Non League Legends: Edgar Kail

Meet the one club legend who is still adored more than eighty years after he stopped playing.

Edgar Isaac Lewis Kail was born in London on November 26th, 1900. He spent his entire fourteen year senior career at Dulwich Hamlet FC, and is rightly held in the highest regard at Champion Hill. He is so respected at the club that the approach to the ground is named after him, and Southwark council unveiled a blue plaque in his honour in 2003 after a huge campaign amongst fans saw him top a poll of the borough’s famous sons and daughters.

In fact, fans still sing songs about Kail at games, and the Dulwich anthem is about their greatest ever player:

“Edgar Kail in my heart, keep me Dulwich. Edgar Kail in my heart I pray. Edgar Kail in my heart, keep me Dulwich. Keep me Dulwich till my dying day.”

A trip to Hamlet’s ground will just enforce the affection for Kail. There is a stall dedicated to the man, with history for visiting fans to read, and merchandise to buy.

One of the t-shirt designs on offer at Champion Hill

One of the t-shirt designs on offer at Champion Hill

It’s unclear how many games Kail played, but records indicate he scored a massive 427 goals for the Pink ‘n’ Blues, which is a phenomenal total, and a club record to this day. He also holds the club’s record for most goals in a season, when he netted fifty three times during the 1925-26 season.

He played three times for the Senior England team, scoring two goals. All three caps came in the space of a week, during a continental tour in 1929. Both goals were scored on his debut against France, a 4-1 win in Paris, while he also played against Spain (a 4-3 loss in Madrid) and Belgium (a 5-1 win in Brussels).

He is the last player to play for the full England side whilst playing for a non league club, a fact which will almost certainly remain intact forevermore.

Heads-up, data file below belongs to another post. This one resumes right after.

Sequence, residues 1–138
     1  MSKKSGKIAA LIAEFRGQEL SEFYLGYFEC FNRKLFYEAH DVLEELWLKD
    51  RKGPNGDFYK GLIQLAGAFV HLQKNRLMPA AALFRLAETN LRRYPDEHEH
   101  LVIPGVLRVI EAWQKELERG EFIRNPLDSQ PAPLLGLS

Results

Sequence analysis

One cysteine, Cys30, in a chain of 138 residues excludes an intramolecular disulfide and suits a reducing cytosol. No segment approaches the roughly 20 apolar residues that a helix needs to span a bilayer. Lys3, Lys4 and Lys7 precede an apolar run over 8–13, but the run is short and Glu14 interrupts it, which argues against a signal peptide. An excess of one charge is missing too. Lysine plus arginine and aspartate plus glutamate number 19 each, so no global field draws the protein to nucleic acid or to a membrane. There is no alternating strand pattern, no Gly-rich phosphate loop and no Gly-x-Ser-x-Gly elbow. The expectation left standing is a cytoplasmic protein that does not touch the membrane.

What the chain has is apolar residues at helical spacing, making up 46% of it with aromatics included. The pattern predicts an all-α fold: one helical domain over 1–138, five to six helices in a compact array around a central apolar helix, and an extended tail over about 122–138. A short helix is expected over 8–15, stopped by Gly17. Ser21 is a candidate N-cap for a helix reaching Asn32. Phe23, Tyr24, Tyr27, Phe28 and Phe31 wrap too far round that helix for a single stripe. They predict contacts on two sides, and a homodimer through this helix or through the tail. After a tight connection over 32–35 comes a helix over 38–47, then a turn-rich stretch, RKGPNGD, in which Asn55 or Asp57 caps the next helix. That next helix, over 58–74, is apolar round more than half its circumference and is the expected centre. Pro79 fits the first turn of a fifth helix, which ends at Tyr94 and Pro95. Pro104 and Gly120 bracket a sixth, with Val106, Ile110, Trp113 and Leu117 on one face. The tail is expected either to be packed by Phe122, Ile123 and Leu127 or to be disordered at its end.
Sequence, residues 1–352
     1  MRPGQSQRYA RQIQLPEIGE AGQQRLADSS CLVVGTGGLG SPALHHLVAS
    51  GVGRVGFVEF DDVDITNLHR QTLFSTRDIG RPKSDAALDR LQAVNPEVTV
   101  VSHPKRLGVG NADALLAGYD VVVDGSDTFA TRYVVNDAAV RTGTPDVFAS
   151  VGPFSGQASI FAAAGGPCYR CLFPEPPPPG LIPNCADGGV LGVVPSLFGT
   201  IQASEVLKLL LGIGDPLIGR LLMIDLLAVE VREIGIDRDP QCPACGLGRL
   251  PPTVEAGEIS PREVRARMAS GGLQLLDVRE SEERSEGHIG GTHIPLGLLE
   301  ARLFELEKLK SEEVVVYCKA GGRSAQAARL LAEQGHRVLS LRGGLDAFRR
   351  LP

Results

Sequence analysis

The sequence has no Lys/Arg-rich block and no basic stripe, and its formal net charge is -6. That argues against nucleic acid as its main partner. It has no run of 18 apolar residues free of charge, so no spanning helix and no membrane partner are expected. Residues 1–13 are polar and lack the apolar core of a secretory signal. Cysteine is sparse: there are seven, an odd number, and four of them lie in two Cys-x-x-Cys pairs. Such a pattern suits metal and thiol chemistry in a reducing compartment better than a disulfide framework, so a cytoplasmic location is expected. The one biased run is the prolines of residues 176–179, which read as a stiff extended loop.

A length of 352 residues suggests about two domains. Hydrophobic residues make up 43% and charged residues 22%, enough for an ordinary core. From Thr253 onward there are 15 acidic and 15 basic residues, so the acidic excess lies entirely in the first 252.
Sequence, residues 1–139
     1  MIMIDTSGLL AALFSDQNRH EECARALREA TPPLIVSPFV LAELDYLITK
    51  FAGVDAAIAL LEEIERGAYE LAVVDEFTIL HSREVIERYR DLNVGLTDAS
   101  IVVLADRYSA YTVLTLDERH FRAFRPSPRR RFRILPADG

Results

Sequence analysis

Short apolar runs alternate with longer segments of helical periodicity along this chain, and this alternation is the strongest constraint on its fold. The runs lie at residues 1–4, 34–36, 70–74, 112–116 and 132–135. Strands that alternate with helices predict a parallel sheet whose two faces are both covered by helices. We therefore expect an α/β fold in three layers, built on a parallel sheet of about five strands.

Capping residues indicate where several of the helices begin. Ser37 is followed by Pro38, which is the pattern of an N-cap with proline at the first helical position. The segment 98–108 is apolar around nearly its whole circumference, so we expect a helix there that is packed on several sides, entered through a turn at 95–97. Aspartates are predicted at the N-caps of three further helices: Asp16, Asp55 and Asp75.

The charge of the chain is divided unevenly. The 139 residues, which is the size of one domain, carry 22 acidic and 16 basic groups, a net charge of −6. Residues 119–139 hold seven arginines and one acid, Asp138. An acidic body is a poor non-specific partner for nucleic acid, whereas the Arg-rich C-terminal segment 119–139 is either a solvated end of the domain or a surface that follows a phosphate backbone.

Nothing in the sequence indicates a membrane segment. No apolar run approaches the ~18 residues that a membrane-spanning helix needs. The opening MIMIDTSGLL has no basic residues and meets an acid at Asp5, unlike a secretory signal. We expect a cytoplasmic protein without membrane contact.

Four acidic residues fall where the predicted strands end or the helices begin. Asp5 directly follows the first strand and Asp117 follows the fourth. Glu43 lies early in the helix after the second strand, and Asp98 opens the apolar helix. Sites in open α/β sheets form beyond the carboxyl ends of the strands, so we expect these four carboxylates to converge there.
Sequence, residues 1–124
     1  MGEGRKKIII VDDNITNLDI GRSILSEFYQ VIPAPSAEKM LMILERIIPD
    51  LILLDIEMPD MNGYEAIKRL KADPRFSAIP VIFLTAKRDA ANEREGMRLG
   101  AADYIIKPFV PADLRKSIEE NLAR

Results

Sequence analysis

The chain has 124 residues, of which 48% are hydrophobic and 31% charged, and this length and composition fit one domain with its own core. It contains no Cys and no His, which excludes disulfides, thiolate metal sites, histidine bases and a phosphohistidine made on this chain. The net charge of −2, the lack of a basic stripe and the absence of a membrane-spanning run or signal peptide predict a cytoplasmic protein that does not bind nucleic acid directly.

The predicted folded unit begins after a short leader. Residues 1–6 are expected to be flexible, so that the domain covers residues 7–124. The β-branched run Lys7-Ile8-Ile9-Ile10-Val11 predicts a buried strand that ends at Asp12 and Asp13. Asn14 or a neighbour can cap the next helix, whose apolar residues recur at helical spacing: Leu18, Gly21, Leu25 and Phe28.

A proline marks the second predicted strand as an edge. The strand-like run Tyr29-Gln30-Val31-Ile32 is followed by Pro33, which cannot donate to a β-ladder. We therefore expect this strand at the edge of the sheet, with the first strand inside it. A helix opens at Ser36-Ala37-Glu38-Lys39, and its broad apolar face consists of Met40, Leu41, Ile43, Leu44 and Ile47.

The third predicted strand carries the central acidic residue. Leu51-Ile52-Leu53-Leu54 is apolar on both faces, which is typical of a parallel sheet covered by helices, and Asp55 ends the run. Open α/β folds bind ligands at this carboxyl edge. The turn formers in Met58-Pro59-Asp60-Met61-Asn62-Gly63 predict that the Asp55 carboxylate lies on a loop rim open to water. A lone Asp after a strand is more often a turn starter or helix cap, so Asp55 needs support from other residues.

What makes Kail so special, and such a big hero among Hamlet fans, is that he repeatedly turned down lucrative offers from top flight clubs – and with it the chance to turn professional – instead opting to play for his beloved Hamlet for the whole of his career. He won plenty of honours too; two FA Amateur Cups, three Isthmian League titles, and four Surrey Senior Cups. A decent haul, I’m sure you’ll agree.

It wasn’t just football that Edgar Kail excelled at; he was also an accomplished runner in his school days, competing between 1910-1914. He was even an excellent cricketer, setting record partnerships in his first matches, and also being a competent bowler.

But it was football that won out in the end, and his sparkling career started in the school team, where he made a big impact at an early age. At the age of nine, he successfully trialled for his school side, which is made all the more impressive when you consider that the other players were aged 13-15. After a year, Kail became captain of the team. He also played football at County level, and represented England Schools on a number of occasions.

An outstanding competitor in multiple sports, Hamlet fans can count themselves lucky that football was always Kail’s first love. He lives long in their memories and hearts, and so he should.

The blue plaque at the entrance to Hamlet's ground

The blue plaque at the entrance to Hamlet’s ground


About James Bartaby

Hey, I'm James and I'm relatively new to non-league football, having only taken in my first match in September 2011. Despite it being a 0-4 defeat for Hampton & Richmond Borough, I became a huge fan of the club and NL in general. So much so that they are now the first club that I mention when talking about which team I support! I just got massively disillusioned with top flight football in this country and the attitudes of the lawmakers and top clubs in general, and I wanted to start taking my son to see decent football. I am now the club's Deputy Press Officer, and loving every minute!

Posted on July 31, 2015, in Non-League Legends and tagged , , , . Bookmark the permalink. Leave a comment.

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